Voliro inspection drone can measure thickness – and even drill holes

Another unique drone design has caught our attention. The Voliro drone, for reasons you’re about to see, can do things that others simply can’t.

Most drones, when you think about it, are really flying cameras. The camera is the sensor, gathering visual data. And, for a lot of professional work, a camera is fine. But some industrial work requires different kinds of sensors, even beyond such specialized units as thermal or LiDAR. In fact, some sensors – such as those measuring thickness of welds – require that the sensor be held, with appropriate pressure, against the object(s) in question. But how are you going to do that with an aerial drone?

Enter Voliro.

Meet the Voliro T

Swiss company Voliro Airborne Robotics builds this robot, called the Voliro T. It’s an unusual tricopter-style design (with a “T” motor configuration), incorporating twin opposed motors on each of the forward arms for a total of five motors. But it’s how the company designed this machine that’s important. Here’s how it describes the product:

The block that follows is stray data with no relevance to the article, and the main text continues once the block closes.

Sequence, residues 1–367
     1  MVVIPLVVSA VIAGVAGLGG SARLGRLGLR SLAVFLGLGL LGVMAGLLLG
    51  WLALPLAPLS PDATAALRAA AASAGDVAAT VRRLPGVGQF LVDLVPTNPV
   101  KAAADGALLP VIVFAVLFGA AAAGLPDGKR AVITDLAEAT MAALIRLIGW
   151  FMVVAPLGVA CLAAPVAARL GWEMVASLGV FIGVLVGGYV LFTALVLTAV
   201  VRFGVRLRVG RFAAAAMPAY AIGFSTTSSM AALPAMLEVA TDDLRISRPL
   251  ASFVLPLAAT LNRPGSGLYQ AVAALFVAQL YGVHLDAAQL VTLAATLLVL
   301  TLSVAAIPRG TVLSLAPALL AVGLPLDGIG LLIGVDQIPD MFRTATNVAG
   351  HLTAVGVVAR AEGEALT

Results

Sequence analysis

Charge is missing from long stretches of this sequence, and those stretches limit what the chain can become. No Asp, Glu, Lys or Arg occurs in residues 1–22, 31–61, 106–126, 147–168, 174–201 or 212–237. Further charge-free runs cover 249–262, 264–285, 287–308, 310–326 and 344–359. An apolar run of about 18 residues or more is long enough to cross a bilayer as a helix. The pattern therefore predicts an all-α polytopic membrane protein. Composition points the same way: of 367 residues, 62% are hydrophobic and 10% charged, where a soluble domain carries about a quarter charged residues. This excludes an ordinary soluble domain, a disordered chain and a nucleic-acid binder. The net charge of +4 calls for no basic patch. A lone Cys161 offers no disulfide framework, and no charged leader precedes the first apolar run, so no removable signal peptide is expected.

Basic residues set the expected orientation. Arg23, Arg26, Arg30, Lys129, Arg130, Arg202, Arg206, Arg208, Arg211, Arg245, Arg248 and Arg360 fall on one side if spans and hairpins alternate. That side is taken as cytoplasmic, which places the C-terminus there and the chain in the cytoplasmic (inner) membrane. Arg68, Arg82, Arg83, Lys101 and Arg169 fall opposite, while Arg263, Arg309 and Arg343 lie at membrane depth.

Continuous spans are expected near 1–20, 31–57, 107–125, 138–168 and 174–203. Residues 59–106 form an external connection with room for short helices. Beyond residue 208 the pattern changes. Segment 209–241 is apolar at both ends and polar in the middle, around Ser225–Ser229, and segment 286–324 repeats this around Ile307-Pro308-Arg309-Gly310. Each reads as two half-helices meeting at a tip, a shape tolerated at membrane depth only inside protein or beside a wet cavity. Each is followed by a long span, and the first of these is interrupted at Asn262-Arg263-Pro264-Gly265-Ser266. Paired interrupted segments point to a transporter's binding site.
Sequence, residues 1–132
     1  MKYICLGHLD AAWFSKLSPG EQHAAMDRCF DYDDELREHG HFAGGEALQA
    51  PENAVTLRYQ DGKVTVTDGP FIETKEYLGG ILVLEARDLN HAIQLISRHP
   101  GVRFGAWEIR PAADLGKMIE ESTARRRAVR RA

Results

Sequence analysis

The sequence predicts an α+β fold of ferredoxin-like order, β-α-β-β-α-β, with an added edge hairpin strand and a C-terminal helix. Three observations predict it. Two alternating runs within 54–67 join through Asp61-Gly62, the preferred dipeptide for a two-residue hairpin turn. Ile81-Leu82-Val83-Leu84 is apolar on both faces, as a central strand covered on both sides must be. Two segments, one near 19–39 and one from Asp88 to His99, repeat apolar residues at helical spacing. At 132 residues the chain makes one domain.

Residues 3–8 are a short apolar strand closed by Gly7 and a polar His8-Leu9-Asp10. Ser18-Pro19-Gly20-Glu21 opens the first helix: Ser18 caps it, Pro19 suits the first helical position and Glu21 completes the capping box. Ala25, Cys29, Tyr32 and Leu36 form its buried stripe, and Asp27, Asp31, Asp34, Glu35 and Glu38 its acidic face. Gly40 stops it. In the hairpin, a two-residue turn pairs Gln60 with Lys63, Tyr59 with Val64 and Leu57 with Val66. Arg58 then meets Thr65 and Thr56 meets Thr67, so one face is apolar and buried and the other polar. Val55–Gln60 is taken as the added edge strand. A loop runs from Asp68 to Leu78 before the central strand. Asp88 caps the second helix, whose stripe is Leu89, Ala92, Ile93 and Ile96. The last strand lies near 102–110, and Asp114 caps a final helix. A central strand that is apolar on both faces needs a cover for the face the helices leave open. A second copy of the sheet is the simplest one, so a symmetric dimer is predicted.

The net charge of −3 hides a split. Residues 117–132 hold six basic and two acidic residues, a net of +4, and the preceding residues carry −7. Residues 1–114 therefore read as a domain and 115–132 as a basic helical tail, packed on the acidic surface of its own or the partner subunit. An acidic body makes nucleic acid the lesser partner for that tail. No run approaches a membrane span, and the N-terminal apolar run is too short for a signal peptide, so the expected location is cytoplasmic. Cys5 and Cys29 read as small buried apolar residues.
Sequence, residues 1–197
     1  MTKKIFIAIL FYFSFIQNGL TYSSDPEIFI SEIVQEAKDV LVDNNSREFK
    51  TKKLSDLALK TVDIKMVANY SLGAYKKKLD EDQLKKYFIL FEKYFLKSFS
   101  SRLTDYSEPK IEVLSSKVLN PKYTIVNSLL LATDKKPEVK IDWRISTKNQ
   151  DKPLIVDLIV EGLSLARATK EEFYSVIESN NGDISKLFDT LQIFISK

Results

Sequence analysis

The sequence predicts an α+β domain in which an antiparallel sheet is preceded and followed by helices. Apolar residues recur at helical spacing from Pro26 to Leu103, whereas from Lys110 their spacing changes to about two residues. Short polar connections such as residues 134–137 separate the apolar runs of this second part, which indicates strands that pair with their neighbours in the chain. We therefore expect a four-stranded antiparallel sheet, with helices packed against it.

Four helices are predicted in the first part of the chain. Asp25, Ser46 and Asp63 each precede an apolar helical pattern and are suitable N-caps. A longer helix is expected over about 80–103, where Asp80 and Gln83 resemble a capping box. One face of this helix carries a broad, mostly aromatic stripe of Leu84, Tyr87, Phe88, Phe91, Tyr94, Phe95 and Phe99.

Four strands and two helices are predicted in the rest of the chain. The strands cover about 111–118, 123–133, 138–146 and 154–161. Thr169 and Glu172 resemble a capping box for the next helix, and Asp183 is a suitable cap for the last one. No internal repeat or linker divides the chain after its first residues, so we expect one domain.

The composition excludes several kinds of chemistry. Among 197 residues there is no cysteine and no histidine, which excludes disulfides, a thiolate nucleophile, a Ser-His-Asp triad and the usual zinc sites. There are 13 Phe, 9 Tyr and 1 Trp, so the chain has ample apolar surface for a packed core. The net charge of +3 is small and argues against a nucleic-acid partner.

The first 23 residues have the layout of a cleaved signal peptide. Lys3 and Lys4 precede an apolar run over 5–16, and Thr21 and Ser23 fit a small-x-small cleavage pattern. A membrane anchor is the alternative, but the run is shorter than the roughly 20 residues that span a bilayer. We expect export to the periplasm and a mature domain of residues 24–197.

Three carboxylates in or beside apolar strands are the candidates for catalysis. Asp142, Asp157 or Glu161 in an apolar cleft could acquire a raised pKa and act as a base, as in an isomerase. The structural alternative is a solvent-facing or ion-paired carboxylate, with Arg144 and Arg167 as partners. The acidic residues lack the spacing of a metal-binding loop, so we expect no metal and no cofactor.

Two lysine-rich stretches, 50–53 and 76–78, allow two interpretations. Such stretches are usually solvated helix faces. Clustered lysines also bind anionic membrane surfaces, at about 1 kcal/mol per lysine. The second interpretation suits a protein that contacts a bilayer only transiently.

The Voliro T can be equipped with a variety of Non-Destructive Testing (NDT) sensors, depending on the use-case. The payload sensor possibilities are limitless. The Voliro T is capable of Ultrasonic Testing (UT) for thickness measurement, Dry-Film Thickness (DFT) measurement, Pulsed-Eddy Current (PEC) for mapping corrosion under insulation and much more. Thanks to the integration of various assistive technologies and safety-systems, the Voliro T is safe and easy to fly in close proximity to structures. The unique 360o drone design of the platform allows inspection of curved and sloped surfaces. No other flying inspection robot boasts these capabilities. (Patents pending.)


Great. But how does it work?

Sometimes, a picture is truly worth a thousand words. And a video? Even more:

“Revolutionizing Work at Height” indeed… Amazing!

It can even spray paint while flying

Yes. Yes, it can:

Umm, Voliro, I’d like to borrow this, please…

Variation on a theme

Voliro isn’t the only company to have thought about the need for this kind of inspection device. Not long ago we wrote about Canadian firm Skyguage, which uses a different design to achieve similar ends.

Both designs are quite clever from our perspective, and will be useful for a wide variety of inspection jobs.

Voliro offers its unit on a subscription basis; keeping the robot updated and with the latest sensors best-suited to their customer’s needs. In other words, you can’t buy it.